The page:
Author Talk: June 8, 2012
Francesca Segal’s debut novel, THE INNOCENTS, follows Adam, who has been dating his fiancé Rachel for 13 years and has become tightly integrated into her close-knit Jewish family and their London community. But when Rachel’s alluring cousin, a model, reappears in his life, he begins to question everything. In this interview, Segal shares how the idea for the book came to her and talks about Edith Wharton’s THE AGE OF INNOCENCE, on which the novel is based.
Question: While Edith Wharton’s Pulitzer Prize-winning novel provided you with a plot, what difficulties or challenges did you encounter when attempting to reimagine this story? What led you to retell this story in a new time and place?
Francesca Segal: I’d read THE HOUSE OF MIRTH when I was about twelve and barely remembered it, and I think I tried the odd Henry James around the same time and had struggled a bit. But whenever I’m trying to get under the skin of a place, I read its writers --- I discovered Rushdie, who’s now one of my favorite writers, on a press trip to India --- and a few years ago when I was living in New York, I went back to James and to Wharton. And I just fell in love. I think THE AGE OF INNOCENCE was the sixth or seventh of hers I read in succession, and so by the time I reached it, I was familiar with some of her central preoccupations --- the opposition of the individual and the group; the vulnerability of women in all social strata; the disparity between the declared motivations and the deeper currents that stir human society, whether it was her own, upper class world satirized so exquisitely in a novel like THE HOUSE OF MIRTH and THE REEF, or an entirely different milieu in tales like SUMMER or ETHAN FROME.
I would never have chosen to start, spontaneously, with a classic on which to base a novel of my own --- the self-consciousness and fear of comparison would have held me back. But I didn’t really have a choice, in the end. It just happened, almost from the moment I started reading THE AGE OF INNOCENCE; a portrait of a world entirely removed from my own era or experience that nonetheless felt instantly, immediately familiar, with all the support systems and pressures and judgments and long-interwoven lives. It was, I think, the one and only moment when a large cartoon lightbulb pinged on above my head like Roadrunner. I read that glorious opening scene at the new opera house, in which all of Old New York high society is assembled to hear Faust. And it just seemed immediately obvious --- it was just like going to synagogue on the High Holidays. After that, I simply had to do it. I had always known that I had certain ideas about life in a small, suburban community that I wanted to explore, and suddenly I had the perfect vehicle for them.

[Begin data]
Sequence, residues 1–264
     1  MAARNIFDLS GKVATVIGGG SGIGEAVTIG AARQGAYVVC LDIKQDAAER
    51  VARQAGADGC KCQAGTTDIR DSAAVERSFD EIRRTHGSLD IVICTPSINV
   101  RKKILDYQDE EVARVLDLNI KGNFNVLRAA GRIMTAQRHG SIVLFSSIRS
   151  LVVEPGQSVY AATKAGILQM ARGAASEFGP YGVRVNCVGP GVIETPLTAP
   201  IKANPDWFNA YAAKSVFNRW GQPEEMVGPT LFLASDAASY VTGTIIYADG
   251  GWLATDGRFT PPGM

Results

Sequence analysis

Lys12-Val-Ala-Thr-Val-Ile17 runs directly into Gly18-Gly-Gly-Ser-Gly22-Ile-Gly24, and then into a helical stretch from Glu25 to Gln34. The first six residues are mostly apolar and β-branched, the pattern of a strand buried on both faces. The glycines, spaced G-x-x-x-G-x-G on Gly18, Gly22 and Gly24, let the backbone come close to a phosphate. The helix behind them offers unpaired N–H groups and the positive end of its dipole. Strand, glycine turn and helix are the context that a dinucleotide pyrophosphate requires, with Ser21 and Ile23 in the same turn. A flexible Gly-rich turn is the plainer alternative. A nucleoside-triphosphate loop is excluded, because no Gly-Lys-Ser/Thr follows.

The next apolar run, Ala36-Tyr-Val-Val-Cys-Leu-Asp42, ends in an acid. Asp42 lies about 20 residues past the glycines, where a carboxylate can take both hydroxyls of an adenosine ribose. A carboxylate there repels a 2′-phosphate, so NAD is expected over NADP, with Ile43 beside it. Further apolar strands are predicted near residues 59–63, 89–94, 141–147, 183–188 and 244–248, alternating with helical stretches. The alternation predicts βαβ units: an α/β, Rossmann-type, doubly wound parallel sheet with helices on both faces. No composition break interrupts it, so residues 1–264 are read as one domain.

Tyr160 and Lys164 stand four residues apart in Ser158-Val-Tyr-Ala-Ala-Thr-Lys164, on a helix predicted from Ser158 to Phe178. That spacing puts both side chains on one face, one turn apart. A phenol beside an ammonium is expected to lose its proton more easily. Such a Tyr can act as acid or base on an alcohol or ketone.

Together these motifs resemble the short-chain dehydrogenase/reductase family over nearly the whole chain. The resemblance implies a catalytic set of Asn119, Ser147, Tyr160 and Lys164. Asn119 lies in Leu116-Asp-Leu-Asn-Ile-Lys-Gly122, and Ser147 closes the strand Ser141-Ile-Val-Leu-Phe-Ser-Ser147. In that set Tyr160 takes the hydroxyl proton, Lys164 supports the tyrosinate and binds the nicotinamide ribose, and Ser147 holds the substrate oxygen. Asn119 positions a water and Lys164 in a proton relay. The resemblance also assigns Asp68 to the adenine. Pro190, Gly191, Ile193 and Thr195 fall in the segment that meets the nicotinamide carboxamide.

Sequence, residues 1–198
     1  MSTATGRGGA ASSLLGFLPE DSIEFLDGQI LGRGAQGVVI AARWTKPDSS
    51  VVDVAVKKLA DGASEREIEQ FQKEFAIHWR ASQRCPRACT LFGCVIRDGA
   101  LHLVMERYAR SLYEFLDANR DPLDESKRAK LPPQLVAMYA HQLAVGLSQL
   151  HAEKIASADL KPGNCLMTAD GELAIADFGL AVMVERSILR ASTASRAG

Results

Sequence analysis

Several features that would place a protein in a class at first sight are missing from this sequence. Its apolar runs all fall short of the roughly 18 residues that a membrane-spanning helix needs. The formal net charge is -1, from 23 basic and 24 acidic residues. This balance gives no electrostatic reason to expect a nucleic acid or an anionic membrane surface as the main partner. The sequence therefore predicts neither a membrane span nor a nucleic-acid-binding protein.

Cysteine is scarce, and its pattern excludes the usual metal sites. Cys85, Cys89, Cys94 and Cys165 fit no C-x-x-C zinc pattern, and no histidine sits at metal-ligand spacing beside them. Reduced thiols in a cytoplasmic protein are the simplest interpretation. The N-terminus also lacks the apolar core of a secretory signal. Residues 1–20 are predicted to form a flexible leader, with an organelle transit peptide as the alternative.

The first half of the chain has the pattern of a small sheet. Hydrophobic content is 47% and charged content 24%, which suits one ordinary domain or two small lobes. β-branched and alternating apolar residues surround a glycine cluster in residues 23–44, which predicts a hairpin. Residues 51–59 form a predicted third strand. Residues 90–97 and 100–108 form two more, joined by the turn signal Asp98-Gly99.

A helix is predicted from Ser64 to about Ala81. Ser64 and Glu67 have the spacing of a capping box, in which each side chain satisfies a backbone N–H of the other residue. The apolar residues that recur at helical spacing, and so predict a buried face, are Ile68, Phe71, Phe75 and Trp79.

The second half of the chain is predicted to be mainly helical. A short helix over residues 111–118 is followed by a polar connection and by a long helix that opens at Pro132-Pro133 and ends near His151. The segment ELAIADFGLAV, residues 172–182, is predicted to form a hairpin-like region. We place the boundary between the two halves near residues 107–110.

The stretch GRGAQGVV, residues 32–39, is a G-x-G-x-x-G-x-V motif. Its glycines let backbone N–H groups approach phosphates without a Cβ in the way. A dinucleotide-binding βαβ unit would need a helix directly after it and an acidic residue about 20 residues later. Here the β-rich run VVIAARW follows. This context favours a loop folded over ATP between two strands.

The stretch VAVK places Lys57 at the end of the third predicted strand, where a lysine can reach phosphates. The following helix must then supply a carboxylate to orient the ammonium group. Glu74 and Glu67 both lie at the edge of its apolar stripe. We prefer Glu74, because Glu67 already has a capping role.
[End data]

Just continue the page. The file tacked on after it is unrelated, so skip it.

Q: The tone at the end of your novel is less bleak and more optimistic than that of THE AGE OF INNOCENCE. What do you feel are the most important differences between Wharton’s novel and your own?
FS: I had a slightly different message from Wharton. THE AGE OF INNOCENCE is already less scathing and condemnatory than THE HOUSE OF MIRTH written fifteen years before. But still --- it’s pretty damning. I wasn’t willing to condemn North West London in quite the same way, nor did I believe it fair to suggest that the fulfillment of Adam’s life would be that ‘his days were full, and they were filled decently. He supposed it was all a man ought to ask’. Newland Archer has a loveless, emotionally sterile marriage with May Welland, and his only consolations are society and status. And even the value of these is subtly undermined by the liberations of the next generation --- Newland’s son Dallas is in love with Julius Beaufort’s daughter Fanny and therefore is doing precisely what society long before had believed would mark the apocalypse --- ‘marrying Beaufort’s bastards’. But it’s not the apocalypse --- it no longer matters. They’re marrying, unimpeded, for love. Newland and Ellen were thirty years too early for their love affair. And it is explicitly stated that they are the grand loves of each other’s lives. In that way, my novel is very different. I didn’t want it to be clear-cut.
I would never tell a reader whether I believe Adam’s decision was right or wrong in terms of their future together beyond the book --- I’d love to know what conclusions people draw by themselves, actually. But yes, in either case, my message is far less categorical and more optimistic than Wharton’s.